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Math Help - Cubic equation from 4 coordinates

  1. #1
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    Exclamation Cubic equation from 4 coordinates

    There's this question in my textbook that I can't seem to answer:

    A cubic function of the form y=ax^3+bx^2+cx+d passes through the points (0,1) (1,3) (-1,-1), (2,11). Find the values of a,b,c, and d.

    These are seemingly random points. I don't understand how you could find an equation using them. Maybe I'm just being silly
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  2. #2
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    Quote Originally Posted by freswood
    There's this question in my textbook that I can't seem to answer:

    A cubic function of the form y=ax^3+bx^2+cx+d passes through the points (0,1) (1,3) (-1,-1), (2,11). Find the values of a,b,c, and d.

    These are seemingly random points. I don't understand how you could find an equation using them. Maybe I'm just being silly
    Plug the values into the equation and you will have four linear equations
    in a, b, c and d. These can then be solved by the usual methods ( lets
    say Gaussian elimination for example.)

    For instance:

    The first point (0,1) corresponds to x=0, y=1, so:

    1=d;

    the second point (1,3) corresponds to x=1, y=3, so:

    3=a+b+c+d;

    the third point (-1,-1) corresponds to x=-1, y=-1, so:

    -1=-a+b-c+d;

    the fourth point (2,11) corresponds to x=2, y=11, so:

    11=8a+4b+2c+d.


    RonL
    Last edited by CaptainBlack; January 24th 2006 at 03:03 AM.
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  3. #3
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    You're so right! Thankyou so much! Only problem is - I'm stuck again I've got:

    2 = a+b+c
    0 = -a+b-c
    5= 4a+2b+c

    It's no good using elimination with the top two then using the bottom, because that just re-introduces another unknown. Arrrr I'm so sorry for being so stupid.
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  4. #4
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    Quote Originally Posted by freswood
    You're so right! Thankyou so much! Only problem is - I'm stuck again I've got:

    2 = a+b+c
    0 = -a+b-c
    5= 4a+2b+c

    It's no good using elimination with the top two then using the bottom, because that just re-introduces another unknown. Arrrr I'm so sorry for being so stupid.
    these should be

    2=a+b+c
    -2=-a+b-c
    5=4a+2b+c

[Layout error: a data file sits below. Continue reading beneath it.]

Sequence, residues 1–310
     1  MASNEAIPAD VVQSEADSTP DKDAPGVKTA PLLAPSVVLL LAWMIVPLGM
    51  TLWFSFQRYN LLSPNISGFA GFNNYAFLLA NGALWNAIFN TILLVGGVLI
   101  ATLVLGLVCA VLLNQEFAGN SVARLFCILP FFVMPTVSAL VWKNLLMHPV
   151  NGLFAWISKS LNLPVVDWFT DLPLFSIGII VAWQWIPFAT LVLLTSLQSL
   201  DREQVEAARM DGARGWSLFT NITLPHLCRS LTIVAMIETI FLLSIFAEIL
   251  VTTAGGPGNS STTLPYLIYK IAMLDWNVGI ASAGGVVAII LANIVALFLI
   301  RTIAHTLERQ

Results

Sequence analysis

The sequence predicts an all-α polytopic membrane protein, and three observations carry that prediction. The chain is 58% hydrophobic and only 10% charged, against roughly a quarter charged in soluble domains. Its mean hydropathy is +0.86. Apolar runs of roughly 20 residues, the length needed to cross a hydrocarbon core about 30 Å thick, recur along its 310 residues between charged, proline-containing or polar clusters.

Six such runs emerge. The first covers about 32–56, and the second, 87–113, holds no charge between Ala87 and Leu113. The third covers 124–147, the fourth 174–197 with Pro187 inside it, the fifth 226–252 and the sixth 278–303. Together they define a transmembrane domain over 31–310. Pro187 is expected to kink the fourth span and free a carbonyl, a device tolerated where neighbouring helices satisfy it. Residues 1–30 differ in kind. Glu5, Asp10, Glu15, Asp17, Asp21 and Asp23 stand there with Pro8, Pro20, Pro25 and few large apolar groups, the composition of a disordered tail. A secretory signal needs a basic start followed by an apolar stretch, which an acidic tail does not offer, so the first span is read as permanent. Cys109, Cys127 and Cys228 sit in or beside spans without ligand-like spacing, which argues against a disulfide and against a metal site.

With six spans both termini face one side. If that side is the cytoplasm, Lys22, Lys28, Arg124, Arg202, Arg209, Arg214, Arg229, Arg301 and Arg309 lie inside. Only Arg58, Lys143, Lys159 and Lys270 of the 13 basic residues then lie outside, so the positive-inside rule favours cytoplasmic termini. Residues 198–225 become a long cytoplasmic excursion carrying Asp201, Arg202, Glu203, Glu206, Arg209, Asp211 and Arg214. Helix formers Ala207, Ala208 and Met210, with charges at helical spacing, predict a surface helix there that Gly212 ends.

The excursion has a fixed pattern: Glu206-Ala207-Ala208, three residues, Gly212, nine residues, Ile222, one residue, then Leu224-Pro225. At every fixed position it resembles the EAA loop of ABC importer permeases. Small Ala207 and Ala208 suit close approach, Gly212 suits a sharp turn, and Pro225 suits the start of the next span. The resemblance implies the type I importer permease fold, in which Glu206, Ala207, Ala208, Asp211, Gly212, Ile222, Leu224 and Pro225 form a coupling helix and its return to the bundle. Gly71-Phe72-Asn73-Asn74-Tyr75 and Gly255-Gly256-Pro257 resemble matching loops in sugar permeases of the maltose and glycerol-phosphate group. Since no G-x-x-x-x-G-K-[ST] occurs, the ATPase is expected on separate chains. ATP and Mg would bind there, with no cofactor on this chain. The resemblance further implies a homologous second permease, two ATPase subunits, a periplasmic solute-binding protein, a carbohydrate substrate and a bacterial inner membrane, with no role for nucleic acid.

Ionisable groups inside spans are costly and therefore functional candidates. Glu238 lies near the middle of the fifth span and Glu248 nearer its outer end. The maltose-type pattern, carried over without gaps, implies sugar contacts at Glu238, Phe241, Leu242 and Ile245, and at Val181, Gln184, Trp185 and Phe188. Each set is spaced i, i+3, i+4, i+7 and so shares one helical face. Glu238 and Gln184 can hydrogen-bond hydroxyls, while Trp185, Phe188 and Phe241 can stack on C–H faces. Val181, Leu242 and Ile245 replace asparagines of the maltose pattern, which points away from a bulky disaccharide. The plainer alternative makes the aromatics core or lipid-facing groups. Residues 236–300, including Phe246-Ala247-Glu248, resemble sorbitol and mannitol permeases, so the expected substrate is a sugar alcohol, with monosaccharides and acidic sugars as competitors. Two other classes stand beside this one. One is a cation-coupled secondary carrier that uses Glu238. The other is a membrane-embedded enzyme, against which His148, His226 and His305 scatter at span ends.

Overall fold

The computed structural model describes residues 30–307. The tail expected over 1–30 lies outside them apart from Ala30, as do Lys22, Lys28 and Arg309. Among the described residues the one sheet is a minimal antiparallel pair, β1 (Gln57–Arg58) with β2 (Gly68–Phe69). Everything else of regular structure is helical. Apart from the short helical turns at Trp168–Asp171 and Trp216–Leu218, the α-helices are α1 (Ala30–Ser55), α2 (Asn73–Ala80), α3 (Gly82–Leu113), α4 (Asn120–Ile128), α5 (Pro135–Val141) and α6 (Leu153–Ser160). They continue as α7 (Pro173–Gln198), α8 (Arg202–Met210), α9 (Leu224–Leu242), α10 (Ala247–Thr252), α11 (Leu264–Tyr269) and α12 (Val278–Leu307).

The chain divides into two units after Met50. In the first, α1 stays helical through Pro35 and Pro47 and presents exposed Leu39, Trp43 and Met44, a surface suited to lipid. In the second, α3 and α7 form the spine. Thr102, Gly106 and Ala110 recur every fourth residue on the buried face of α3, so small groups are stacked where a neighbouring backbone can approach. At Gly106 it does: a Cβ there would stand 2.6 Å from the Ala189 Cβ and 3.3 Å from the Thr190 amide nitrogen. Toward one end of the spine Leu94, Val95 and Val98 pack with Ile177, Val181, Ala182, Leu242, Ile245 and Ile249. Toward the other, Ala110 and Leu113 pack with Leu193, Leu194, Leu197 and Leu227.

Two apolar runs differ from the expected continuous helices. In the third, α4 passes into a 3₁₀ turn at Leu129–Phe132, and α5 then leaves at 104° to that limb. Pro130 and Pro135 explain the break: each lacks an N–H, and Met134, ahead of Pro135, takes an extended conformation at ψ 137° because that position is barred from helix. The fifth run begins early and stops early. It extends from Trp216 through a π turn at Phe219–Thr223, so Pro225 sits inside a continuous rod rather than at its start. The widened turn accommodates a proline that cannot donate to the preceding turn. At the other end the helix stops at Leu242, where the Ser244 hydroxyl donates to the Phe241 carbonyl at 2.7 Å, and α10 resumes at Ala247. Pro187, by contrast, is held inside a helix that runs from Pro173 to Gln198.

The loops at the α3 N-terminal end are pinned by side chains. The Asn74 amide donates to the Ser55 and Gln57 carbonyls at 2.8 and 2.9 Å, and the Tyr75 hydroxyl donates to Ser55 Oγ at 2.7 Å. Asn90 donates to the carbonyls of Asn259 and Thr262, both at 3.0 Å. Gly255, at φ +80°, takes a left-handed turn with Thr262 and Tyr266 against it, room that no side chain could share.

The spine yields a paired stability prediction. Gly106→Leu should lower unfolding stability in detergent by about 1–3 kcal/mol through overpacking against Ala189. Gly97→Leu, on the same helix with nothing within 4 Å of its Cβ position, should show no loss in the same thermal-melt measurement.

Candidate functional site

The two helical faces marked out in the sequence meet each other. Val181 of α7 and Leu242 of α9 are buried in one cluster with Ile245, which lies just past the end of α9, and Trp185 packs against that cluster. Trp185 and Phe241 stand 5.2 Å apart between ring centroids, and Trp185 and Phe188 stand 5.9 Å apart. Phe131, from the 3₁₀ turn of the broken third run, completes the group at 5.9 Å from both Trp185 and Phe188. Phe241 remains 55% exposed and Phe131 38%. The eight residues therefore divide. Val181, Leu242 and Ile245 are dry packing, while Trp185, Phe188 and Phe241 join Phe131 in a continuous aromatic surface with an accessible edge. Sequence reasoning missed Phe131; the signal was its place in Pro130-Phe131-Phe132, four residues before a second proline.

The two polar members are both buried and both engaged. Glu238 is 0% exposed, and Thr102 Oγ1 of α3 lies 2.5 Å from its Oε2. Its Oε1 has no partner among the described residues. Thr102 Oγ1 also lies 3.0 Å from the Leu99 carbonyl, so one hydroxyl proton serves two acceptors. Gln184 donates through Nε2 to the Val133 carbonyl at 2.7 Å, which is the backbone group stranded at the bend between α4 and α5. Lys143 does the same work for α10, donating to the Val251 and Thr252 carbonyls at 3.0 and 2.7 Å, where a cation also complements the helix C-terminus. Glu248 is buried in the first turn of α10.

Adding the first two gives:

    0=2b,

    so b=0, then we have:

    -2=-a-c
    5=4a+c

    which looks like it has solution a=1, c=1.

    RonL
    Last edited by CaptainBlack; January 24th 2006 at 03:10 AM.
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  5. #5
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    Thanks so much for your help! Could you just clarify what you meant by "adding the first two" because I can't seem to do it by elimination (ie can I see your working out? ) I just made them equal each other (by first making the second one a +2).
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  6. #6
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    Quote Originally Posted by freswood
    Thanks so much for your help! Could you just clarify what you meant by "adding the first two" because I can't seem to do it by elimination (ie can I see your working out? ) I just made them equal each other (by first making the second one a +2).
    If:

    2 = a+b+c
    0 = -a+b-c

    adding these (meaning adding the RHSs and LHSs) gives:

    2+0=(a+b+c)+(-a+b-c)

    or:

    2=2b,

    so b=1.

    RonL
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  7. #7
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    Just to add, this is a type of problem of drawing a 3rd degreed polynomial of best fist through these points. It happens to be that it is possible to draw a perfect polynomial through these points.
    Its equation is y=x^3+x+1
    Thus, (a,b,c,d)=(1,0,1,1)
    Here is the graph:
    Attached Thumbnails Attached Thumbnails Cubic equation from 4 coordinates-picture1.gif  
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  8. #8
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    Thankyou so much! I really appreciate your help
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